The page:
Wonder Woman (2017)
dir. Patty Jenkins
written by:Allan Heinberg
starring: Gal Gadot, Chris Pine, Robin Wright
Zack Snyder is the influence holding back the D.C. Universe. As story contributor, Wonder Woman shows clear signs that men were attempting to flesh out a progressive female led superhero movie. Trite and crammed with slow motion through a bulk of its action, the D.C. framework that made Suicide Squad the Guardians fantasy that wasn’t and Batman v Superman a disorganized dust storm pops its head into the game while Patty Jenkins and Gal Gadot hold the male gaze at bay.
An origin story for Diana, Princess of the Amazons, better known as Wonder Woman, begins with a gift from fellow Justice Leaguer Bruce Wayne–a photo of Diana from World War I, not aged a day in her modern office. His desire to know her origin brings her back to Themyscira, the island paradise of her youth, into smoggy London, and into the western front to confront Ares, the god of war, for whom she was placed on Earth to defeat. Personally, I think they would have been best spent staying on the island.
Snyder has never been introduced to the subject of subtlety. His game of blowing any battle into an overly powerful, quippy macho-fantasy has hindered my ability to enjoy this franchise. When every motion is designed as a grand event, the abundant effects distract from actual story. It is certainly not a bad movie, but his influence is distracting. The final act, with it’s exaggerated yelling and wide-eyed villainy, is filled with explanatory vomit and Bechdel failings that make the all-male writing team quite obvious. Screenwriter Allan Heinberg, a producer and writer for Scandal, Grey’s Anatomy, and Sex and the City, deciding on what will likely be Diana’s only romantic arc reveals that hiring a female script doctor might have been beneficial. If Carrie Fisher would have been available, she would have red marked a good 20 minutes from the running time.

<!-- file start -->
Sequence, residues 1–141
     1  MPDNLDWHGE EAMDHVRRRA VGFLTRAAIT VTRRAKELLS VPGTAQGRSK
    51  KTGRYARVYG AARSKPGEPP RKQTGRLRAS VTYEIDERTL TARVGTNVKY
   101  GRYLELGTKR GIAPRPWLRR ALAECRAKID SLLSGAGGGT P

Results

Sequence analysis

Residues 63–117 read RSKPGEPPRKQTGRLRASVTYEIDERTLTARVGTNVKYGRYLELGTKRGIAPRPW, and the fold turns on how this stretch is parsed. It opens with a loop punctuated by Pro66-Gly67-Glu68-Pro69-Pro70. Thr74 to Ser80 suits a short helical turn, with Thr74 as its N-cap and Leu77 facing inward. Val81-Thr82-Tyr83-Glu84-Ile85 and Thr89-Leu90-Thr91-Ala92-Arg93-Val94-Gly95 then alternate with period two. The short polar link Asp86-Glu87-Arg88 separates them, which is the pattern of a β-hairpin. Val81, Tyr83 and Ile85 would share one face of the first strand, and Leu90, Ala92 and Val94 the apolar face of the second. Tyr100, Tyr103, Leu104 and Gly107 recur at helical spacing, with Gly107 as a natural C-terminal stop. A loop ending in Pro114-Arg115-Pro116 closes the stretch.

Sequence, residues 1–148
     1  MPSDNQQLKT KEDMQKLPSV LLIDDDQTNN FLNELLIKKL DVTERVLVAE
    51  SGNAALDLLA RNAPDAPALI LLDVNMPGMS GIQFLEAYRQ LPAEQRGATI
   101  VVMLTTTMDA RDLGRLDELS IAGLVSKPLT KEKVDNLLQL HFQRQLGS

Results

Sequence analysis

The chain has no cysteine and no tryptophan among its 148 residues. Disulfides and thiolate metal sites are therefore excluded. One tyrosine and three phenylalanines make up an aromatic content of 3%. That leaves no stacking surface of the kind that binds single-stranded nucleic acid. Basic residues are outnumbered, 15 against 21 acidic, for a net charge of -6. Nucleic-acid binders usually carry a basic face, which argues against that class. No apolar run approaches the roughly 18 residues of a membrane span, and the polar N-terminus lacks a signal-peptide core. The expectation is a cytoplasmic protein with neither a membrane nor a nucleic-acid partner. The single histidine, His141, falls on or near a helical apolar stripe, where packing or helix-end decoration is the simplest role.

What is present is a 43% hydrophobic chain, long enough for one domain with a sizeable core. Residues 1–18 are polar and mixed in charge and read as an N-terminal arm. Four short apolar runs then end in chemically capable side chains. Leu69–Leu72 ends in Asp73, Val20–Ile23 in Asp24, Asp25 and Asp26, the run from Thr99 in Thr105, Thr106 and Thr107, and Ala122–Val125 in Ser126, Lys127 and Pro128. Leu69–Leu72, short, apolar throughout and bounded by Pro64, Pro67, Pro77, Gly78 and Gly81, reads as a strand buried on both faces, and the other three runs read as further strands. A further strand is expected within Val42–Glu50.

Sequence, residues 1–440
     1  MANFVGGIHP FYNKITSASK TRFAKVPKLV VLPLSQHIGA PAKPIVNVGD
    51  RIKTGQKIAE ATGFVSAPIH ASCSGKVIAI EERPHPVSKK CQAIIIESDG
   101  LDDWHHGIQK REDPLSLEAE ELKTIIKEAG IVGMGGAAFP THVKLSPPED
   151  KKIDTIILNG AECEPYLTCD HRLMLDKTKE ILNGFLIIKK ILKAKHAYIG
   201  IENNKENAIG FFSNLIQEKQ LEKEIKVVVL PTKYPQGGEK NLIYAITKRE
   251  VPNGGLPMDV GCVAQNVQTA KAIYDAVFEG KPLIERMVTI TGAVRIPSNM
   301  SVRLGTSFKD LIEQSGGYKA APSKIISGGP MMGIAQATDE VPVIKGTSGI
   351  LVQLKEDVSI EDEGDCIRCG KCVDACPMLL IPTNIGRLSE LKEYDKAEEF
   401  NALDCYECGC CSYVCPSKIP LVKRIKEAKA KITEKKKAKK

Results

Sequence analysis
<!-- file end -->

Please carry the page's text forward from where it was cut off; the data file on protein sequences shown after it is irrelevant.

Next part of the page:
The movie likes to swing wide, which worked well initially with swinging amazons and a beautifully choreographed beach battle in Themyscira, the female soldier story could have thrived without romantic inclinations. Casting directors don’t cast Chris Pine and his damn handsome mug without expecting some making out, so we should have been warned; he was raised to be charming, you know. He was charming and amusing, and he was the only man in the set that wasn’t a racial stereotype (though white bread American as hell), but he was a comedic, romantic set piece. He pulled off featureless war spy winningly. Better served highlighting the solemn duty Wonder Woman has left her home to perform, the story diverges into the human aspects of Wonder Woman. Didn’t work for Thor, won’t work for the other gods.